Like most Orthodox churches, it is richly decorated inside. All the walls are covered in paintings that depict important people and events from the New Testament, and they are all framed in gold. I particularly loved the pictures of the Cherubim, who are the second highest order of angels. According to the bible a Cherubim should have four faces; a man’s face, an ox’s face, a lion’s face and an eagle’s face, as well a four corresponding co-joined bodies. They are the protectors of the Garden of Eden. In this cathedral they were only depicted with one animal face and body, but correspondingly on the central door that protects the altar there was depicted four saints each with one of the holy components of a Cherubim: an ox, a lion, an eagle and also a small man. Connected to the cathedral are the Arkhiereiskie chambers and the Krestovy chambers, which were built between the 16th and 18th century and were used to celebrate special events.
We walked all the way to the back of the Kremlin, passing the well-known bell tower, until we came to a big lake with a small bridge. As the temperature was so cold, the lake was completely frozen over so we could have walked across it, but we decided to be on the safe side and crossed using the bridge.
We then came to an interesting place called the Museum of Wooden Architecture. Despite the boring name, this museum is worth a visit as it recreates how people lived during the 16th century. You can visit the houses of peasants and merchants, see where they worked and kept animals, see how they stayed warm in winter, and also how they had fun. It also had two big impressive windmills that are still in use. As you can guess, pretty much everything is made of wood. I shudder to think how people lived in these wooden buildings all those years ago during freezing cold winters when temperatures were as low as -20C. Just like all those books by Tolstoy and Chekov that depict peasant life, I saw that peasants really did sleep on the stove in winter. All the buildings are original, exactly as people would have lived in them, but they came from the neighbouring town of Vladimir and were transported to Suzdal specifically for the museum.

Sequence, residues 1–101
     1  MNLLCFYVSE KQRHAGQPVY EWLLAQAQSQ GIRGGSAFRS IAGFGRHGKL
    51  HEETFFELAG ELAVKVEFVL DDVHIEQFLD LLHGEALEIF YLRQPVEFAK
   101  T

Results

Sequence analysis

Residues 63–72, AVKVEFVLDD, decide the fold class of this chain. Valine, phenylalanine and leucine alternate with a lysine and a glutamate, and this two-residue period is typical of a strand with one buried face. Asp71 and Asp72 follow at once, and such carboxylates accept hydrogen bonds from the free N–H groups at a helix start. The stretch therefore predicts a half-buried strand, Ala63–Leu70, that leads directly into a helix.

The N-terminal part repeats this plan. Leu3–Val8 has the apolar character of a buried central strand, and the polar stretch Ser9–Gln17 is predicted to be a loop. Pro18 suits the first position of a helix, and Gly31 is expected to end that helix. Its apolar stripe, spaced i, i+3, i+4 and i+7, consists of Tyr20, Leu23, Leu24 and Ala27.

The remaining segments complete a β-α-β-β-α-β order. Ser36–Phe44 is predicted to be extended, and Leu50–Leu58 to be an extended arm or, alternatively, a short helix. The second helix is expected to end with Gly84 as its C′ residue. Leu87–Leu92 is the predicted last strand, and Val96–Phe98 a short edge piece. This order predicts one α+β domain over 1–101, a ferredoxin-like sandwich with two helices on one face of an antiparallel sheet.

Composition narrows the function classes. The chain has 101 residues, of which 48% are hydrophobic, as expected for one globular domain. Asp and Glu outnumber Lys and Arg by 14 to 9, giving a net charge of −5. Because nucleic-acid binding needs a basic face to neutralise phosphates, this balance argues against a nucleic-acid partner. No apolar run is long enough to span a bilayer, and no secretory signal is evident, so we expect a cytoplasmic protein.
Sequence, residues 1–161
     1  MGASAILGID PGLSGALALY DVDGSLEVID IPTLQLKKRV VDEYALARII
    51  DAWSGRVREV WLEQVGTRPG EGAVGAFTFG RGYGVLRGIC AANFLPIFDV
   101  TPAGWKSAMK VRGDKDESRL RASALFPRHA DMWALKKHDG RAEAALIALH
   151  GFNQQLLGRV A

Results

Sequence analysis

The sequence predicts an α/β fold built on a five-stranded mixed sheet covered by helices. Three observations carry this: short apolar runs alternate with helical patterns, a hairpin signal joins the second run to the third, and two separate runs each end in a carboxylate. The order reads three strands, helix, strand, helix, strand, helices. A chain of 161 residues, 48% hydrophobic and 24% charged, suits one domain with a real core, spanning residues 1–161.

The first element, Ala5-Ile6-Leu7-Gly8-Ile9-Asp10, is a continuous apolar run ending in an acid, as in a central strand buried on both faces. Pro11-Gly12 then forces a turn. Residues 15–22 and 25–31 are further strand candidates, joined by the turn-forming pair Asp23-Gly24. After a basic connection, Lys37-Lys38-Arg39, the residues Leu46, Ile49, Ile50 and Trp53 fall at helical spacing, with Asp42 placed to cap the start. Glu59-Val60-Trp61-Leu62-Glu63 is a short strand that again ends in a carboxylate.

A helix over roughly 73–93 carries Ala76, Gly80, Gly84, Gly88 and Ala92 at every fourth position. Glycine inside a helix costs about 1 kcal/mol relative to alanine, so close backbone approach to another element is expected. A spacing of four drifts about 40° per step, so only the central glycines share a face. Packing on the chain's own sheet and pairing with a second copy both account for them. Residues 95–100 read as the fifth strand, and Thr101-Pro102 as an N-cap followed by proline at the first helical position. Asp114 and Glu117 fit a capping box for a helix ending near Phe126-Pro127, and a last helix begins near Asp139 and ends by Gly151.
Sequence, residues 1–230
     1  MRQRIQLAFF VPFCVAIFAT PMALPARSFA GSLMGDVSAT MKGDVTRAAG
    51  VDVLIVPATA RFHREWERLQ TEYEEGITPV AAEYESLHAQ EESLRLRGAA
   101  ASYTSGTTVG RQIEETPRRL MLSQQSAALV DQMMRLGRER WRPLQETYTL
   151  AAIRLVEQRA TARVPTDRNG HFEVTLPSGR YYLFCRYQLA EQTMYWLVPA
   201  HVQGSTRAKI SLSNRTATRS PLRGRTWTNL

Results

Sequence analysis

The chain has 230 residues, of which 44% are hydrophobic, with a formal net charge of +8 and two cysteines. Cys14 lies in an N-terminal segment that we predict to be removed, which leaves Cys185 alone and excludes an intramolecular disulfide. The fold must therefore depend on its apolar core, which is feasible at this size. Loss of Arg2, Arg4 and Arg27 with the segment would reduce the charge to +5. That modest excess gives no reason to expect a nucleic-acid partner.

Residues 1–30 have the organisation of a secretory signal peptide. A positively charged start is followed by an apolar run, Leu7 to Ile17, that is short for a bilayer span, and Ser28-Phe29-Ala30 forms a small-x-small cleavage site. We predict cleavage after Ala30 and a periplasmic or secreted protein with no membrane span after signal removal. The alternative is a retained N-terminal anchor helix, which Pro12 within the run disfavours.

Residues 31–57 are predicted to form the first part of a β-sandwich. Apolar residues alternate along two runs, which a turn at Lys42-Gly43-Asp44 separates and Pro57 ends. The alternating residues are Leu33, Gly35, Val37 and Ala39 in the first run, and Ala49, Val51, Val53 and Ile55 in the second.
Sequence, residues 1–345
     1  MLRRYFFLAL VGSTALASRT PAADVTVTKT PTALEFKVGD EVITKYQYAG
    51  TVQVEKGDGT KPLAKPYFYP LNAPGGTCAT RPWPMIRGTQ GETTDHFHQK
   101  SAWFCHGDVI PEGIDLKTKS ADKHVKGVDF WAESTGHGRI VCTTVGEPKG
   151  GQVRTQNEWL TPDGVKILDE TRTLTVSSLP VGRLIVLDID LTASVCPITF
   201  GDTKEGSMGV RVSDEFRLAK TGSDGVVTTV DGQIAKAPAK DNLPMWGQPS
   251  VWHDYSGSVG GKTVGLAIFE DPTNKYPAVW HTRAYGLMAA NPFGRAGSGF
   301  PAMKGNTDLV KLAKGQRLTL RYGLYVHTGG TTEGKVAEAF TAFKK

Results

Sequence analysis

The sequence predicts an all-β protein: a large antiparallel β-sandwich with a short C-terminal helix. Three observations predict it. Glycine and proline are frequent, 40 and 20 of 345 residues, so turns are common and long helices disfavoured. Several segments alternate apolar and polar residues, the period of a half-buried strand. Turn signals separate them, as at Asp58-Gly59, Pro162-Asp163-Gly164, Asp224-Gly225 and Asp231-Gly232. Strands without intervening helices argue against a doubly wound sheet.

We walked back to the town centre to visit the trading arcades, where locals sell hand-made crafts and delicacies.It was the perfect place for us to buy souvenirs as the prices were cheaper than in Moscow. You cannot bargain at these markets because the price is already very cheap and the town’s people are very honest. Even so, being the city boy that he is Edgar tried to reduce the price even further. I bought two matryoshkas, a Russian doll, two fridge magnets, and some hand-made Christmas decorations and, thanks to Edgar’s negotiating I also got a free mug. Edgar bought some home-made medovuha (медовуха), which is beer made from honey and a specialty of the region. Sergey bought some hand-knitted woollen socks. These socks are very popular to wear during the harsh Russian winters however the wool is so coarse it can make your feet itch.